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Oliver Stone, 9/11, and the Big Lie


When World Trade Center ended, I left the theater tense, my muscles aching. The superb directing and acting, coupled with still hardly imaginable scenes of death and destruction, had sent painful muscle spasms up my back, evoked tears, and left me, yet again, with searing and indelible images of that hellish morning.

 

I felt disoriented in the bright sunlight of a Northern Californian afternoon. As my mind regained its critical faculties, however, another kind of shock set in. I suddenly realized that Oliver Stone’s movie reinforces the Big Lie — endlessly repeated by Dick Cheney, echoed and amplified by the right-wing media — that 9/11 was somehow linked to Iraq or supported by Iraqi dictator Saddam Hussein.

 

It might surprise you that this Oliver Stone film is neither ideological, nor conspiratorial, which in my view is just as it should be. Instead, it is a portrayal of what the men who braved hell and the families who anguished over their survival experienced.

 

World Trade Center gives 9/11 a distinctly human face by following two Port Authority policemen and their families. We watch the men muster their courage to help evacuate people in one of the towers; we gasp as they are buried alive; we wince as heavy slabs of cement crush their bodies; and we hold our breath as they struggle to keep each other going in the face of imminent death.

 

Expert editing brings us the anguish suffered by their wives, children, and relatives. Some are in denial, others in shock. Some have faith; others are resigned to the men’s deaths. They live in their own hell and we empathize with their wrenching agony.

 

With a subtle touch, Stone shows us people all over the planet horrified by television images of the airplanes crashing into the towers. He reminds us that the people of the world expressed an outpouring of sympathy (since squandered by the Bush administration).

 

Meanwhile, Stone introduces us to one ex-Marine who feels called by God to help rescue those buried alive. He gets his hair cut short, puts on his old uniform, and with all the authority of a former staff sergeant, does what he knows best — uses his military skills to save people’s lives. Determined and angry, he insists that we must avenge this horrendous attack.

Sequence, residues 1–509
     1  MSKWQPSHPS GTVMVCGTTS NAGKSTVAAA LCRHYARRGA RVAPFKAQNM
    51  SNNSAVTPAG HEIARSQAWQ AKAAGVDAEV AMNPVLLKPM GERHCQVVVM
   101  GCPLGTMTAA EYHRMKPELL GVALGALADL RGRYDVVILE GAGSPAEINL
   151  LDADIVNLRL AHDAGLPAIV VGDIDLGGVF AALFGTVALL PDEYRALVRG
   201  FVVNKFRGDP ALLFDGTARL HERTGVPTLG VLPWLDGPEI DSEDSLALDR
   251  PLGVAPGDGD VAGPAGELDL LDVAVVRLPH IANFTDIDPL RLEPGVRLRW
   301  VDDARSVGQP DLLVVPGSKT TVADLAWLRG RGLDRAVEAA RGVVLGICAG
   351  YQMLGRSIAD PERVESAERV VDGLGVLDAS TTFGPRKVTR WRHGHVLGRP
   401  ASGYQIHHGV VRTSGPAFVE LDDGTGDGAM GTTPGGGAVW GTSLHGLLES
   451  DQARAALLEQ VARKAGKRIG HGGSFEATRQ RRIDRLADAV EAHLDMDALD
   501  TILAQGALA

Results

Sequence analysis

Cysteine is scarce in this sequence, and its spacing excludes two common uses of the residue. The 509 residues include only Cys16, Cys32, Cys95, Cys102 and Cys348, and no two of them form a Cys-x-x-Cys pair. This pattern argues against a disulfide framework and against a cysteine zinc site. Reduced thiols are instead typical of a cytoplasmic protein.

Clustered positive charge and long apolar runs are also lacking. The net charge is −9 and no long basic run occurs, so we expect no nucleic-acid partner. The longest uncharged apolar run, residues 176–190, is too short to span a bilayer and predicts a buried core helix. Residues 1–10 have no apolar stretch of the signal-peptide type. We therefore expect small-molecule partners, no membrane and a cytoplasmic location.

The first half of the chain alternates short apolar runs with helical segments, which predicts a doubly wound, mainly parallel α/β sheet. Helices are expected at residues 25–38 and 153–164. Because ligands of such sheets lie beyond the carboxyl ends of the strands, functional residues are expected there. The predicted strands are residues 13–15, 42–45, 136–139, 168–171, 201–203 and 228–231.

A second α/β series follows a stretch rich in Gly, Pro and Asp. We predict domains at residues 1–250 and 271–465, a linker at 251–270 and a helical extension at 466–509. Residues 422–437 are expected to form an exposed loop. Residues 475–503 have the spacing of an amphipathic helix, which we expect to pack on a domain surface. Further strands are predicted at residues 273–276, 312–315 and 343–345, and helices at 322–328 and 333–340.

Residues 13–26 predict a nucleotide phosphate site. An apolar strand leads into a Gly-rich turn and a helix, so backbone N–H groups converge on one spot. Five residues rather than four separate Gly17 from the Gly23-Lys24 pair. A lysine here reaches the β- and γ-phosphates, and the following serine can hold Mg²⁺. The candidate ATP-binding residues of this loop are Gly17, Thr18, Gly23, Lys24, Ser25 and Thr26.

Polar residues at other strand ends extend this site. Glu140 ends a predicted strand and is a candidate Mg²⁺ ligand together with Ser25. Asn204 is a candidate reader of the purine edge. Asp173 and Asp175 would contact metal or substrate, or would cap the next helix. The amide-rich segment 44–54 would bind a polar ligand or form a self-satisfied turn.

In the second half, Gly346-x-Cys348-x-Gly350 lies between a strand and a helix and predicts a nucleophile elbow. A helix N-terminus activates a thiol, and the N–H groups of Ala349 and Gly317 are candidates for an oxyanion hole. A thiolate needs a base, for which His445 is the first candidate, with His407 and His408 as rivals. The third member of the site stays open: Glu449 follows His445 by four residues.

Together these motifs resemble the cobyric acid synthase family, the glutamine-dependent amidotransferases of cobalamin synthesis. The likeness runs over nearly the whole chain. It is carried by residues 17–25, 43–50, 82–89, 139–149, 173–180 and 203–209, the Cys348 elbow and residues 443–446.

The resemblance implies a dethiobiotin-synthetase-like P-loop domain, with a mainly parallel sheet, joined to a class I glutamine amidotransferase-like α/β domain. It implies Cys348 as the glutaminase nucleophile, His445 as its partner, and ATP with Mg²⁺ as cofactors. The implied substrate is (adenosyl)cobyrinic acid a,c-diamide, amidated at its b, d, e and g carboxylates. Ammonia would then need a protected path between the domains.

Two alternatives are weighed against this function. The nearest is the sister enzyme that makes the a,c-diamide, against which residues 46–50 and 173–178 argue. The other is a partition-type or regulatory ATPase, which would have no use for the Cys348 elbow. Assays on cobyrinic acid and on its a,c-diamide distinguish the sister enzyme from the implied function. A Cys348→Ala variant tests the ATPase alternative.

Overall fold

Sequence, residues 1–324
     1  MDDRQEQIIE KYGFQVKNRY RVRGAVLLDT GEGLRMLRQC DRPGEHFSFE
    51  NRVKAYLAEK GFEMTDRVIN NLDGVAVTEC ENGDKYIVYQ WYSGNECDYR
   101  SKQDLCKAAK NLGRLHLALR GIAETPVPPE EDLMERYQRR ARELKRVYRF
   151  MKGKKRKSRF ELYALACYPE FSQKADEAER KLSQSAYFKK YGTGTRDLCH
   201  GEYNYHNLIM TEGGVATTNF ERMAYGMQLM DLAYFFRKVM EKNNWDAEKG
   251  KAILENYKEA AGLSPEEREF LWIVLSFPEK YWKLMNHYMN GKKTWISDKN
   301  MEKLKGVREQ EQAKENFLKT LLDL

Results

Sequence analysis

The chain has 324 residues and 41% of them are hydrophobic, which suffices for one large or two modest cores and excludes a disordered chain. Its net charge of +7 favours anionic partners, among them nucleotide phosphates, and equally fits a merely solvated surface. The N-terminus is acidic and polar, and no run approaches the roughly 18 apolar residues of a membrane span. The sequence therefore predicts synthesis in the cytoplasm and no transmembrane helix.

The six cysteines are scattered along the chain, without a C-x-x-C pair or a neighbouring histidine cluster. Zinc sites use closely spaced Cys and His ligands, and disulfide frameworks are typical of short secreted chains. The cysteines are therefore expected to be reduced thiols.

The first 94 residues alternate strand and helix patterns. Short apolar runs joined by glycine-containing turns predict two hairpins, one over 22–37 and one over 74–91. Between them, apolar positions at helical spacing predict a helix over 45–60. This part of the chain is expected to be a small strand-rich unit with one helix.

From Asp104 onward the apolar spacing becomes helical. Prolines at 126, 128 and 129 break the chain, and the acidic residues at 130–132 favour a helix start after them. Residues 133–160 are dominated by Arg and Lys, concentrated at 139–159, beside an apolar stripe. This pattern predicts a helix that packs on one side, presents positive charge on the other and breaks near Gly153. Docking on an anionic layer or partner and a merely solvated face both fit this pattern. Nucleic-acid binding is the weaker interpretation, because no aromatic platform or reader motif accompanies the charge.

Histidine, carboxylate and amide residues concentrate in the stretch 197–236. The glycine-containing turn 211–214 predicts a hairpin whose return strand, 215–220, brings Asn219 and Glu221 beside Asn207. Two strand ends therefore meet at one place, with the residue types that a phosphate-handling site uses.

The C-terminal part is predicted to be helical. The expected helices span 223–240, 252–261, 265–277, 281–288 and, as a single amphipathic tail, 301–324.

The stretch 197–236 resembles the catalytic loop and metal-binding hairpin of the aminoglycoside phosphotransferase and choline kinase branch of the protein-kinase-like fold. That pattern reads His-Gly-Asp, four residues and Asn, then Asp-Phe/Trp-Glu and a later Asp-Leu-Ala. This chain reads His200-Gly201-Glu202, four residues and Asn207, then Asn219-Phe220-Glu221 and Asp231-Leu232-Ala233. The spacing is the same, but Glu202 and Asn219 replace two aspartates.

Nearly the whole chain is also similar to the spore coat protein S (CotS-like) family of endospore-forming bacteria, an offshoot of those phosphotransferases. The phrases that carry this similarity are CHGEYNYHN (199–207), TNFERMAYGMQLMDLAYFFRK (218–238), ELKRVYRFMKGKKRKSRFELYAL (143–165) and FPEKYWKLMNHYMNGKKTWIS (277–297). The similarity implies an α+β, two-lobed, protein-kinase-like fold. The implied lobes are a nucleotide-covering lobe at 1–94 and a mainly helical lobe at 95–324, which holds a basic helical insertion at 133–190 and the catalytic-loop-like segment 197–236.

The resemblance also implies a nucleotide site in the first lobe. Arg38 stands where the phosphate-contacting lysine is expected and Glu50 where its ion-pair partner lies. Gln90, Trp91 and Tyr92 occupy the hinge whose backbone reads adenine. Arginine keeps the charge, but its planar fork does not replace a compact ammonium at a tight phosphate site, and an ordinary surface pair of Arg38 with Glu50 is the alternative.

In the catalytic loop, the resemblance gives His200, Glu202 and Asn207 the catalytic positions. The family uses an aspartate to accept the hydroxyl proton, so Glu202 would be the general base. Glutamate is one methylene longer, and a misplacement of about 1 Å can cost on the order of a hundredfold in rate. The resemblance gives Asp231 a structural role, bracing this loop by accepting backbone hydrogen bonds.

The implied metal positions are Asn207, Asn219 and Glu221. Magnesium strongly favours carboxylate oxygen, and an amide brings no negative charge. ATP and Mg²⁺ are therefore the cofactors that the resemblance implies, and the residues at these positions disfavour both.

We also watch a group of Wisconsin policemen viewing the terrorist attacks on television. One screams out, “The bastards!” Stone, in other words, captures the desire for revenge already in the air.

 

And yet, in none of these profoundly moving scenes is there even a mention of who might have committed this atrocity. Neither the name al-Qaeda, nor Osama Bin Laden, is so much as whispered.

 

You might say, “But everyone knows it was al-Qaeda.” And you’d be right, but do most Americans really know just who those terrorists were or that they had no connection to Iraq — that not a single one of them even came from that country? It doesn’t sound very important until you realize that various polls over the last five years have reported from 20% to 50% of Americans still believe Iraqis were on those planes. (They were not.) As of early 2005, according to a Harris poll, 47% of Americans were convinced that Saddam Hussein actually helped plan the attack and supported the hijackers. And in February, 2006, according to a unique Zogby poll of American troops serving in Iraq, “85% said the U.S. mission is mainly ‘to retaliate for Saddam’s role in the 9-11 attacks’; 77% said they also believe the main or a major reason for the war was ‘to stop Saddam from protecting al Qaeda in Iraq.’”

 

The Big Lie, first coined by Adolf Hitler in his 1925 autobiography Mein Kampf,was made famous by Joseph Goebbels, propaganda minister for the Third Reich. The idea was simple enough: Tell a whopper (the larger the better) often enough and most people will come to accept it as the truth. During World War II, the predecessor of the CIA, the Office of Strategic Services, described how the Germans used the Big Lie: “[They] never allow the public to cool off; never admit a fault or wrong; never concede that there may be some good in your enemy; never leave room for alternatives; never accept blame; concentrate on one enemy at a time and blame him for everything that goes wrong; people will believe a big lie sooner than a little one; and if you repeat it frequently enough people will sooner or later believe it.”

 

This is, in fact, just what the Bush administration has been doing ever since 9/11. As a result, in 2005, an ABC/Washington Post poll found that 56% of Americans still thought Iraq had possessed weapons of mass destruction “shortly before the war,” and 60% still believed Iraq had provided “direct support” to al-Qaeda prior to the war. In June 2006, Fox News ran a story once again dramatizing the supposed links between 9/11 and Iraq. And, as recently as July, 2006, a Harris poll found that 64% of those polled “say it is true that Saddam Hussein had strong links to Al Qaeda.”